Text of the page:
Since 2005, U.S. natural gas production has been on the rise thanks largely to the application of advanced drilling techniques that has helped unlock a bounty of gas trapped in deep shale formations. Domestic gas output set an all-time record in 2012 and then again in 2013, according to data from the U.S. Energy Information Administration, or EIA.
Now the agency is predicting another record year, as higher natural gas prices give companies incentive to ramp up activity in Pennsylvania's Marcellus shale, the nation's largest shale gas play and the single biggest driver of domestic production growth. That forecast bodes especially well for Marcellus-focused partnership Williams Partners LP (NYSE:WPZ) and its general partner Williams (NYSE:WMB).
Why gas production could set another record
According to the EIA's most recent Short-Term Energy Outlook, U.S. natural gas production will average 73 billion cubic feet a day, or bcf/d, this year and 74 bcf/d in 2015, up from a record 70.2 bcf/d average in 2013.
The agency's bullish forecast for domestic gas production is largely predicated upon the completion of new infrastructure projects in the Marcellus formation, the nation's largest and fastest-growing shale gas play, which will allow producers to ramp up their production.
Many of these projects have already come online over the past year, while a slew of other projects are slated for completion later this year. For instance, Transco's Northeast Supply Link, which came online in November of last year and is owned and operated by Williams Partners, added some 250 million cubic feet per day of firm capacity from the Marcellus to regional demand centers.
More infrastructure projects ahead
But the crucial thing to remember about this energy infrastructure buildout is that it is far from over. Oil and gas production is expected to continue growing at a rapid clip for at least the next several years. To accommodate this growth, midstream companies will need to continue investing in pipelines, storage terminals, and other key infrastructure.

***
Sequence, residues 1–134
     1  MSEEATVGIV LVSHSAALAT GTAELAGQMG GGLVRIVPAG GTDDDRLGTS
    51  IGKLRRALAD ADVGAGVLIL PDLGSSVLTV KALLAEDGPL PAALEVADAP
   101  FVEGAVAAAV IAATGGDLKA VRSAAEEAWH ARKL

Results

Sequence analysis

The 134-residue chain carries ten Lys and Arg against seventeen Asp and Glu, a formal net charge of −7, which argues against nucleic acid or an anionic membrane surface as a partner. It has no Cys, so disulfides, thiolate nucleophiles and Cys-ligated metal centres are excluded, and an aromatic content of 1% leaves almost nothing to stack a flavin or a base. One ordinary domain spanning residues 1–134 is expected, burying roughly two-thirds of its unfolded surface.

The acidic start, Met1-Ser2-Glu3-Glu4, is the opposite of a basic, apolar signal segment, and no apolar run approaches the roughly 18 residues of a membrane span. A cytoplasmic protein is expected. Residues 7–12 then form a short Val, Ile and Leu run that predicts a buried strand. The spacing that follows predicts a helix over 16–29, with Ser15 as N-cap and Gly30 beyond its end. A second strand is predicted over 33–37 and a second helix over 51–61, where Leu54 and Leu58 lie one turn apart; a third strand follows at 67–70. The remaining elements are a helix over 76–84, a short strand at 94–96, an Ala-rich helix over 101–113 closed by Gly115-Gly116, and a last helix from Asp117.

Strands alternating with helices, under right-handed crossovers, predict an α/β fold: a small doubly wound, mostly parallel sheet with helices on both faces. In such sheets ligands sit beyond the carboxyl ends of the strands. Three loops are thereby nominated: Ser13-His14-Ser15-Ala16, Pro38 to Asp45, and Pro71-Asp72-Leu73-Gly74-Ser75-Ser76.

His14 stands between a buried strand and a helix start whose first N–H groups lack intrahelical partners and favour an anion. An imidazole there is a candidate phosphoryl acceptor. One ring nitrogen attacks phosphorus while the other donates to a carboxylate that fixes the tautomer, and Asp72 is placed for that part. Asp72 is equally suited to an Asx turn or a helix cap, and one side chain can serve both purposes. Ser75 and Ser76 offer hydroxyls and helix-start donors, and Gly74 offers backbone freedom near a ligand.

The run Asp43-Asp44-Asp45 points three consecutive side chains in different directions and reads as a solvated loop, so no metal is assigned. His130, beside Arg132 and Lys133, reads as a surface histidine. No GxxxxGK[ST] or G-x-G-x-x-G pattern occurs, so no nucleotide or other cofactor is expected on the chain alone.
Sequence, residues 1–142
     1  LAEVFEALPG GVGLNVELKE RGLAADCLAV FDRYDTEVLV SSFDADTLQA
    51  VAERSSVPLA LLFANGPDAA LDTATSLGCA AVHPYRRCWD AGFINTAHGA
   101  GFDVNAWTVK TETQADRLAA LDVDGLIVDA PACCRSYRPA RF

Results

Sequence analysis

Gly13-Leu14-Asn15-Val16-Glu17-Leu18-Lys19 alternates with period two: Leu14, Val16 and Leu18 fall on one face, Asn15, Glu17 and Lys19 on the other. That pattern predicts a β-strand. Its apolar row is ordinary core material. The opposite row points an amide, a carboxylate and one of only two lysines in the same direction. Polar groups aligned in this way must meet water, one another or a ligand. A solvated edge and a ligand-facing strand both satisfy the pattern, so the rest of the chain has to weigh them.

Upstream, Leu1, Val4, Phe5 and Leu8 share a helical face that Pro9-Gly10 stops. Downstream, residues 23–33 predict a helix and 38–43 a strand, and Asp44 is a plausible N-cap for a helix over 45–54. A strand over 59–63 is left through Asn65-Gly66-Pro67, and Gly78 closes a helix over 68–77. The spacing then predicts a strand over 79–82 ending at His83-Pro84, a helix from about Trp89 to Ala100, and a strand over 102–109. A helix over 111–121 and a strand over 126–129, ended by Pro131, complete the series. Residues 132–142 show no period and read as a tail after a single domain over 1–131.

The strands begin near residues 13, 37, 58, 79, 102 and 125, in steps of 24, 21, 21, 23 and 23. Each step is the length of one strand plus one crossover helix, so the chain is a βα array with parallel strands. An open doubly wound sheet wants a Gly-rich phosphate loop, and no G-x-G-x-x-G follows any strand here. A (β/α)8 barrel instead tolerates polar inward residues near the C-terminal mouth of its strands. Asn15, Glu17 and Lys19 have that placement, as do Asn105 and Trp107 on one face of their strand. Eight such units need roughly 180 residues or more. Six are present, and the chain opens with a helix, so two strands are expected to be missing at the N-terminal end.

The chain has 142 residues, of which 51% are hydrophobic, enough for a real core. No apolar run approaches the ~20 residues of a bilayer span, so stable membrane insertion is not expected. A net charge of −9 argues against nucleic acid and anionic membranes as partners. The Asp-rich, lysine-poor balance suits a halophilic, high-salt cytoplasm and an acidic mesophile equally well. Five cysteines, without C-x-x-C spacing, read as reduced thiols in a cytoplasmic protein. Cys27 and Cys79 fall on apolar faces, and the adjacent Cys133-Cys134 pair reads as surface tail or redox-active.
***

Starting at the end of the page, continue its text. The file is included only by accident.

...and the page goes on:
According to estimates by consultancy ICF International, North American midstream firms will need to invest about $640 billion on midstream infrastructure over the next two decades, which comes out to a little less than $30 billion each year. Roughly half of that amount will need to be spent on natural gas midstream infrastructure, especially in the Marcellus.
This bodes especially well for Williams and Williams Partners LP (NYSE:WPZ), which already have leading positions in the Marcellus and are set to expand their footprint in the region significantly over the next few years.
Not only does Williams, the general partner, already own one of the largest pipelines in the Marcellus -- the Transco pipeline -- but it also recently agreed to buy a 50% general partner interest and 55.1 million limited partner units in Access Midstream Partners (UNKNOWN:ACMP.DL), a Marcellus-focused midstream natural gas services provider, for $6 billion in cash.
The acquisition should drive much stronger cash flow and dividend growth for Williams, with the company expecting to grow its dividend at an annual rate of 15% through 2017. The acquisition will also result in an even more stable business model for the company, boosting its fee-based revenues to more than 80% of its gross margin, since 100% of ACMP's contracts are long-term, fixed-fee contracts.
Further upside to dividend growth could exist if Williams' proposed merger of Williams Partners with ACMP goes through. If the proposed merger were to be consummated in 2014, the merged MLP is estimated to deliver distribution growth of 10%-12% through 2017. It would also have a decent distribution coverage of roughly 1.2 in 2015 and at or above 1.1 through 2017.
Arjun Sreekumar and The Motley Fool have no position in any of the stocks mentioned. Try any of our Foolish newsletter services free for 30 days. We Fools don't all hold the same opinions, but we all believe that considering a diverse range of insights makes us better investors. The Motley Fool has a disclosure policy.